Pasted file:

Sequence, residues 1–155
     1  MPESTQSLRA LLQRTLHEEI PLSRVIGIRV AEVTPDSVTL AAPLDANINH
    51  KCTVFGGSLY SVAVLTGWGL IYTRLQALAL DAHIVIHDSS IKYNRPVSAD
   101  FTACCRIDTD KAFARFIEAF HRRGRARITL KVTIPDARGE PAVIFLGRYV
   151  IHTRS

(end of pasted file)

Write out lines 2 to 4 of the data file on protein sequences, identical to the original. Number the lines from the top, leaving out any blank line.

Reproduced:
     1  MPESTQSLRA LLQRTLHEEI PLSRVIGIRV AEVTPDSVTL AAPLDANINH
    51  KCTVFGGSLY SVAVLTGWGL IYTRLQALAL DAHIVIHDSS IKYNRPVSAD
   101  FTACCRIDTD KAFARFIEAF HRRGRARITL KVTIPDARGE PAVIFLGRYV